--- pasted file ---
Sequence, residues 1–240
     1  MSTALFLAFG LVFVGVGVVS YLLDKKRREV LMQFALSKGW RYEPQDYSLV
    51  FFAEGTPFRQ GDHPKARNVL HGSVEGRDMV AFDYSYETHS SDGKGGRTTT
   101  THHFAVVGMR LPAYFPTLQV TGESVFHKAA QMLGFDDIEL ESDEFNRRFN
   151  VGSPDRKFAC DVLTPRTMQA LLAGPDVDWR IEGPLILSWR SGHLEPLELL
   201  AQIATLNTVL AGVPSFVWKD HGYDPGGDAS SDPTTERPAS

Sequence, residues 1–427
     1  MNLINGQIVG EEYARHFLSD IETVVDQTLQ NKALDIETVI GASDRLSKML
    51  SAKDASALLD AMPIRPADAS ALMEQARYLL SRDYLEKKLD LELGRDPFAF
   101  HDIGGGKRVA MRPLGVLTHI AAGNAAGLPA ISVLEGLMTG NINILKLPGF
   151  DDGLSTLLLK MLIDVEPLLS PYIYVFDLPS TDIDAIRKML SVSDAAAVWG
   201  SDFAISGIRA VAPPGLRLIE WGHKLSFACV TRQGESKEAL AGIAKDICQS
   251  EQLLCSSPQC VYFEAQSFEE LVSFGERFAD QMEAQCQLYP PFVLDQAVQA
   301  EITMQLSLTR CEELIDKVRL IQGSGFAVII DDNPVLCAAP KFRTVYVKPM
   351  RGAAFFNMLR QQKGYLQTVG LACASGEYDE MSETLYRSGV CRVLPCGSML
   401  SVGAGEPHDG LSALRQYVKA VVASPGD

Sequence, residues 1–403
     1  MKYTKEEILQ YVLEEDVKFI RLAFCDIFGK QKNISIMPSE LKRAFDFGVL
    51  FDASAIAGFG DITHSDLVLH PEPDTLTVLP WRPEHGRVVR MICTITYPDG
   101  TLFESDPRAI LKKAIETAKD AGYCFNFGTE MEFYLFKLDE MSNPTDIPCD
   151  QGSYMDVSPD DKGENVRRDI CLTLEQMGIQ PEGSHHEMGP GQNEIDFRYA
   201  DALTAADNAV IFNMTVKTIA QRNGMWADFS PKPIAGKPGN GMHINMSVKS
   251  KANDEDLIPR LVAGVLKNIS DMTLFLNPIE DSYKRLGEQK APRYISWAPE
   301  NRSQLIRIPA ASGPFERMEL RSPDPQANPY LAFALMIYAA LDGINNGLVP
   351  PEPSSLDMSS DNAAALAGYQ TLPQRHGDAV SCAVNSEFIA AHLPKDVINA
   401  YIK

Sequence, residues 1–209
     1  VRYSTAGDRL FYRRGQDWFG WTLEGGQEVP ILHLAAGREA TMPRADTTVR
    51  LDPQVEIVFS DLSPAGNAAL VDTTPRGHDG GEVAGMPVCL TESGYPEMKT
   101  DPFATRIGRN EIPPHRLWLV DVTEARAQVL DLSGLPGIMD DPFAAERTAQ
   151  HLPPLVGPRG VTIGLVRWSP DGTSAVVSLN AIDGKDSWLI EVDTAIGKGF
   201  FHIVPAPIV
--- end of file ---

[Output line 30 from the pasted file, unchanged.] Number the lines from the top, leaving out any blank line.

   101  DPFATRIGRN EIPPHRLWLV DVTEARAQVL DLSGLPGIMD DPFAAERTAQ